Brittle hoofAs the name indicates, we have in this condition an abnormally dry state of the horn.
Symptoms of a brittle hoof
These are obvious. The horn is hard, and when cut by the farrier's tools gives the impression of being baked hard and stony, the natural polish of the external layer is wanting, and there is present, usually, a tendency to contracted heels. With the dryness is a liability to fracture, especially at points where the shoe is attached by the nails.
As a consequence, the shoes are easily cast, leading to splits in the direction of the horn fibres. These run dangerously near the sensitive structures, giving rise in many cases to lameness. Even where pronounced lameness is absent the action becomes short and 'groggy,' and the utmost care is required in the shoeing to keep the animal at work.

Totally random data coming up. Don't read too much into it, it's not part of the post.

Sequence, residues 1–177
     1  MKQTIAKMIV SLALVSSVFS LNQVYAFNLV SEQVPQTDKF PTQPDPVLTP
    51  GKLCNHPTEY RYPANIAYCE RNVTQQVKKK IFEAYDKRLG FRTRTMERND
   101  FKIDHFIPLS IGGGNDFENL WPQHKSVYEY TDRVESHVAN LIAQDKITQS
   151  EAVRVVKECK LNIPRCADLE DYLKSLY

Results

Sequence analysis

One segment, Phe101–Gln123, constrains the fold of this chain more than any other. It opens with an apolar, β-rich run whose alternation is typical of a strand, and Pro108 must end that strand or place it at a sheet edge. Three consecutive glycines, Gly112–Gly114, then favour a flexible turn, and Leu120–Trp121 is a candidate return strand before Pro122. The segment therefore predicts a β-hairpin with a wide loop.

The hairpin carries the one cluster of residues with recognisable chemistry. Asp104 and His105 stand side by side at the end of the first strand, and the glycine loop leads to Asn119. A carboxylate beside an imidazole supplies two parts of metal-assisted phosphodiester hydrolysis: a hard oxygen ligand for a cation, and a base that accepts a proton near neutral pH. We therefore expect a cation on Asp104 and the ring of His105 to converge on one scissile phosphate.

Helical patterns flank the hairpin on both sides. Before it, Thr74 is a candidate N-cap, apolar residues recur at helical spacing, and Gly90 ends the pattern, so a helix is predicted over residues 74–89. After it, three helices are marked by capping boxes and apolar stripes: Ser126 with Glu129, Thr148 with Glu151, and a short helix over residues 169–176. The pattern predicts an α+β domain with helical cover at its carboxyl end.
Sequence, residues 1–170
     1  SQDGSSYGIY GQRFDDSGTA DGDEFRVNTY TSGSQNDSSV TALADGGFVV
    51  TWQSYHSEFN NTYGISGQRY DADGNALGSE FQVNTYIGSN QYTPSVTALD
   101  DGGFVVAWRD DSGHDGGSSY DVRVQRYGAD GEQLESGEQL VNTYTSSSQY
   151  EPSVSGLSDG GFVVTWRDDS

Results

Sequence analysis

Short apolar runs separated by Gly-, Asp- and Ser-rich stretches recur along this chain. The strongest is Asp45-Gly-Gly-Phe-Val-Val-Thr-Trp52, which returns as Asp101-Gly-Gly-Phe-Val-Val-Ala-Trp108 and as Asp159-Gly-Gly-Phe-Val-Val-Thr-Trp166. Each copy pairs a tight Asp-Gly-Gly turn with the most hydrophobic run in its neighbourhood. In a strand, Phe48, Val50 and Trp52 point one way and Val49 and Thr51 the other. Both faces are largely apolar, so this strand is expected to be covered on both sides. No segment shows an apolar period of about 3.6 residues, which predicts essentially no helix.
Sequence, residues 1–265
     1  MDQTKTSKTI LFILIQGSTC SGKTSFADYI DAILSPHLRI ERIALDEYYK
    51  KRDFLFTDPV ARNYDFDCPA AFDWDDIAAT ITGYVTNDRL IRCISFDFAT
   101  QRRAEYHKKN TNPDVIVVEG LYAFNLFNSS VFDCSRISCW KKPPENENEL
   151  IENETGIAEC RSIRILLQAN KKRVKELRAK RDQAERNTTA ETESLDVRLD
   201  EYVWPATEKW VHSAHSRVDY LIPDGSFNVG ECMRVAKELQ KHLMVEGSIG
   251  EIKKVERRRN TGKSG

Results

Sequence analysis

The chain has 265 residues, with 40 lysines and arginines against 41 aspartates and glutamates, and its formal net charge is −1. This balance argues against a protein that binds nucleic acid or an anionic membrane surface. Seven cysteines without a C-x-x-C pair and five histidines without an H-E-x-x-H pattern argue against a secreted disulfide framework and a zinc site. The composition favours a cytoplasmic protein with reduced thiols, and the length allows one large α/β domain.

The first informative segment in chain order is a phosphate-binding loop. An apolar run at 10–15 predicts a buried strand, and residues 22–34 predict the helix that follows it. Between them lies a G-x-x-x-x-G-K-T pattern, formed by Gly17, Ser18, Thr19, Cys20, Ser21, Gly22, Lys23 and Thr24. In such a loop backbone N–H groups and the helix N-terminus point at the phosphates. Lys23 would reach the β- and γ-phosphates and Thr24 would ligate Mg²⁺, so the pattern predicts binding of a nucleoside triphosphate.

Causes of a brittle hoof
To a very great extent the condition is hereditary, and is observed frequently in animals of the short, 'cobby' type. In ponies bred in the Welsh and New Forest droves the condition is not uncommon, especially in the smaller animals.
Animals who have had their feet much in water — as, for instance, those bred and reared on marshy soils — and afterwards transferred to the constant dryness of stable bedding, are also particularly liable to this condition.
It is noticed, too, following the excessive use of unsuitable hoof-dressings, more especially in cases where coat after coat of the dressing is applied without occasionally removing the previous applications.